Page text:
“What if JFK had said, ‘Let’s build a rocket to the moon,’ and right away it had worked?” asked Jennifer Alexander ’88. “What if we got there and we met aliens, and they liked us, and we liked them, and they started coming to Earth on vacation, and we started to steal their technology, retrofitting our cars so that they ran on bubbles, selling fog at restaurants because that’s what aliens ate, selling flying saucers at car dealerships? What would Route 66 in Nevada look like?”

This was Alexander’s explanation for the logic of an exhibit at the Kidcity Children’s Museum on Washington Street, which she founded in 1998.

When she first set foot on Wesleyan University’s campus in 1983, Alexander had no idea that she would settle in Middletown for good. Eleven years later, when she began planning the Kidcity Children’s Museum on Washington Street, she never imagined that it would eventually attract 100,000 visitors each year, 90 percent of whom had traveled to the museum from beyond Middletown.

A cornfield, Main Street, a reading room, a medieval castle (under construction)—these are the concepts that comprise Kidcity, designed by an art team led by Scott Kessel ’89.

Situated between Main Street and Saint Sebastian’s Church, Kidcity occupies a nineteenth-century building that once served as the church’s monastery. Few University students venture inside.

Alexander explained that this sort of project was only possible in a small, tight-knit community like Middletown.

“Middletown runs on social capital, not on financial or even political capital,” she said. “In New York City, if you wanted to start a children’s museum, it might be overwhelming. It might never happen. Here, it wasn’t a big formal process. It was running into people in town and talking about it, year after year.”

Alexander had been a community organizer in Middletown for years, and her husband, Mark Masselli, founded the Community Health center—which has gone on to become the largest health care provider for Connecticut’s uninsured and underinsured—when he was only 19. But the mother of four said that starting a family was what really inspired the museum.

“When I started having babies, it became harder to be engaged in the community,” she said. “You always have to choose between being engaged in the community and getting a babysitter, or being with your kids. And every two years, everyone I knew would move away. There wasn’t enough to keep them here. I had a visceral urge to make Middletown harder to leave. I wanted to create something that would give people pause before they considered moving to other places.”

The museum itself is a three-floor labyrinth of interactive, handcrafted structures and murals, each organized into elaborate, fantastical, unspecific themes. Parents stand talking in small clusters, erratically orbited by meandering children, ages zero to five.

According to Alexander, one exhibit was designed to show “what would happen if mermaids were building found-art in caves with bubble channels.”

Other exhibits were inspired by similar scenarios, such as, “What if there were a fish processing factory run by children, where all sorts of vessels brought the day’s catch up to the dock, and what if some of those vessels were clipper ships and igloos on rafts, and what if there were conveyor belts going everywhere, and there was a sign that said, ‘For your primary fish needs,’ because the fish were all primary colors?”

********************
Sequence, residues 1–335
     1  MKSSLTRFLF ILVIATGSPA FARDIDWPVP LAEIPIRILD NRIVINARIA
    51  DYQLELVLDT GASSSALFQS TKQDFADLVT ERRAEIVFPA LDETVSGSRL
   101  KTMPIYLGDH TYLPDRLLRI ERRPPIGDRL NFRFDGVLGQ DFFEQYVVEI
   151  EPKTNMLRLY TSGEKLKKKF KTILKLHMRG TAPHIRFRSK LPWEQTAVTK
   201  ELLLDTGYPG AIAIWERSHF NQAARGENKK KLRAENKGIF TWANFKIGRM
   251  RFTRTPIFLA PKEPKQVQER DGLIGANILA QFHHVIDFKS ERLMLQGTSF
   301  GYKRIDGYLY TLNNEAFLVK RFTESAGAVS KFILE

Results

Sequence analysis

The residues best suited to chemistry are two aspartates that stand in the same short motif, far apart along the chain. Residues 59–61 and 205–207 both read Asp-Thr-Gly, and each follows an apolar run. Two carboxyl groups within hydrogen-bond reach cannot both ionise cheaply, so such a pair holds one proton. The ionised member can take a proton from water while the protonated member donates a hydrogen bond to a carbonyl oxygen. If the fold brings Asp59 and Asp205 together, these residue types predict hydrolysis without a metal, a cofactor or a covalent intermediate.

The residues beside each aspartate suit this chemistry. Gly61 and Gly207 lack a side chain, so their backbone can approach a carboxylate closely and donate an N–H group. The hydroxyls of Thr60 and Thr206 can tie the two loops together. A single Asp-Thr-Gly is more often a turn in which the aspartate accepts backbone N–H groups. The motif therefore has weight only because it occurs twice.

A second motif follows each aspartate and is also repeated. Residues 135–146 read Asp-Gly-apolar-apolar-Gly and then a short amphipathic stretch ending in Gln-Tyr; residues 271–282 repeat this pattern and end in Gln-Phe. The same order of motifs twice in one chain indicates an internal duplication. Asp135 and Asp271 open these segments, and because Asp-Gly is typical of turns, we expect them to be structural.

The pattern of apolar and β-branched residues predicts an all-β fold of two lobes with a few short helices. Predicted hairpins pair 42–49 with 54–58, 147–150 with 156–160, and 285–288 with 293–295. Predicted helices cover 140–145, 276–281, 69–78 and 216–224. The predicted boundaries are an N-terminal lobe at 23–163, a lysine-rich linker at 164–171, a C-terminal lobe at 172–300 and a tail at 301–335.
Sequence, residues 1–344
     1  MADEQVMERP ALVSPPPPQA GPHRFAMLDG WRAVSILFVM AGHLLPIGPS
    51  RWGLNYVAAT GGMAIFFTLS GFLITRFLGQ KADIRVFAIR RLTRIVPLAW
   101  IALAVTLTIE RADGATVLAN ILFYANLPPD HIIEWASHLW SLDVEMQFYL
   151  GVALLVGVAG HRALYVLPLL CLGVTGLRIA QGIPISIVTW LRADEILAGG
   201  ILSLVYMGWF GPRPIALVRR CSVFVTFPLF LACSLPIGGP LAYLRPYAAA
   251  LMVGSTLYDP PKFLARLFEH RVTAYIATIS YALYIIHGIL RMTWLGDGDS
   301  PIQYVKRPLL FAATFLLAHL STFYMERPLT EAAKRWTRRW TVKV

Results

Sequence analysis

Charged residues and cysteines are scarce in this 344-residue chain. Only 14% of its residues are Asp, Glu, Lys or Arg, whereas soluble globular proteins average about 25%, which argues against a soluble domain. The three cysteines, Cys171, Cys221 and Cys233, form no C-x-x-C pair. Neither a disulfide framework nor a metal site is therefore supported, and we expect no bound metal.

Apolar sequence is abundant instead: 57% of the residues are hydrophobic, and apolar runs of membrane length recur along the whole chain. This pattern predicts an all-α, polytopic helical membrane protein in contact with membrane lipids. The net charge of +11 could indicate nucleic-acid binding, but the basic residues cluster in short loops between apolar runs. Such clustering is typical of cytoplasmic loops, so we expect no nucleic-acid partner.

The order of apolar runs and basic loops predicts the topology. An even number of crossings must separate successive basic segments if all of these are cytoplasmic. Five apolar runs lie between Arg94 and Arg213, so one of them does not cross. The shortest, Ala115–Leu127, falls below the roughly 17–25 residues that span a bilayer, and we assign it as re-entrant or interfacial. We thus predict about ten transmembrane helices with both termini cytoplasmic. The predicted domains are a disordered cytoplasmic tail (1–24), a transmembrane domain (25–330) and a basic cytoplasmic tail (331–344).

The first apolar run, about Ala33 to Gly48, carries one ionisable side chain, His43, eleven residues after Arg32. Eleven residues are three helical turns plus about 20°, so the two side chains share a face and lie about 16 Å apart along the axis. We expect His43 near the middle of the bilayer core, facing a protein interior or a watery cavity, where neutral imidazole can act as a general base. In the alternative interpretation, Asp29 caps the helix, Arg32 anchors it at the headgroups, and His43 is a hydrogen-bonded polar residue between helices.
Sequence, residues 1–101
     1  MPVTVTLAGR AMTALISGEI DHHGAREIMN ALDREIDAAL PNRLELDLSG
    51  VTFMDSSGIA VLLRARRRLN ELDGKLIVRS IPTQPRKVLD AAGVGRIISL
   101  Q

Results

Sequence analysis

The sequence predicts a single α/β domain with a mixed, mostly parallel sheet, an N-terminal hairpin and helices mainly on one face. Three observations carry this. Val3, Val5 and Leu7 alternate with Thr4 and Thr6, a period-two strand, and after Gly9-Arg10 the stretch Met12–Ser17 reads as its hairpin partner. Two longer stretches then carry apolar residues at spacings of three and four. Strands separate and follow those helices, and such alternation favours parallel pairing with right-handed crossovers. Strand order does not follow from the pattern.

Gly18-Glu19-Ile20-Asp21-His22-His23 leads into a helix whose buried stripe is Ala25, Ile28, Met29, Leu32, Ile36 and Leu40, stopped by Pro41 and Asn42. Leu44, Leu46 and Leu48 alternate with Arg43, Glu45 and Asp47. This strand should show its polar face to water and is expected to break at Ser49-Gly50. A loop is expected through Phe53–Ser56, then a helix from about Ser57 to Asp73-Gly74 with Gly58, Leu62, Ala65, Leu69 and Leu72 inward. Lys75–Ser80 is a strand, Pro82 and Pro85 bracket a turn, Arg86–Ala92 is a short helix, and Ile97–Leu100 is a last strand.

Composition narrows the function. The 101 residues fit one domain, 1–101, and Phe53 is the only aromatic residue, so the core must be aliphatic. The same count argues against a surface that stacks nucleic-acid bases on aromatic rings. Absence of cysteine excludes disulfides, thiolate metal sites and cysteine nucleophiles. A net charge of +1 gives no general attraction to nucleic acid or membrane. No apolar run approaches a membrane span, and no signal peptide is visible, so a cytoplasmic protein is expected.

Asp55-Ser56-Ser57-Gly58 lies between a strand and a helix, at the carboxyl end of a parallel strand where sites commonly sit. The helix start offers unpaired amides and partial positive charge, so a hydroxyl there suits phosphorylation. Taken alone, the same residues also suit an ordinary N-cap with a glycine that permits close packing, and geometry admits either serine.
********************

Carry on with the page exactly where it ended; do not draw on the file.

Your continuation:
Alexander said the exhibit’s web of chutes and conveyor belts, along with the colorful fish that they carry, are designed to coincide with the “tote, dump, and carry” phase of child development.

One exhibit’s meaning was based more specifically on Alexander’s experience.

“This room is my unfinished Wesleyan thesis,” she said, in reference to a large space that envisioned world instruments—Javanese Gamelan included—as play structures. “When I dropped out in the middle of my senior year, I was trying to write a feminist perspective of a medieval Icelandic saga from a woman’s point of view, for the College of Letters. That’s when I dropped out to become a dishwasher.”

Alexander eventually graduated, and at the 2009 commencement she received an honorary degree.

“How hard it is to be a parent is something that’s hard to fathom when you’re a college student,” she said. “You have a constant sense of failure. You can be great for 12 hours and still have time to do some damage before bedtime. I just wanted this to be a place where you could always do something right. Where you could be with your kids and talk to adults in a place that doesn’t insult your intelligence. People really need it. And the reason the museum is here is to make Middletown a more vital place. The fact that 90 percent of the visitors aren’t from here lets us have more interesting restaurants on our Main Street. What I’m working hard on is drawing more people to live in Middletown; people who view this as a place where they can do their best work.”

Some university students find jobs at Kidcity, which participates in the University’s work-study system.

“Wesleyan students know of [Kidcity], but they don’t know anything about it,” said Charlie Ellis ’13, who has worked at the museum since September. “It’s nice to interact with people who are part of the community. And the art is really cool.”

Jennifer Eigo, from Rocky Hill, Conn., said her three-year old and five-year-old both “love the museum, especially the fish room.”

None of the toddlers or young children would sit for an interview, but they all seemed to agree.

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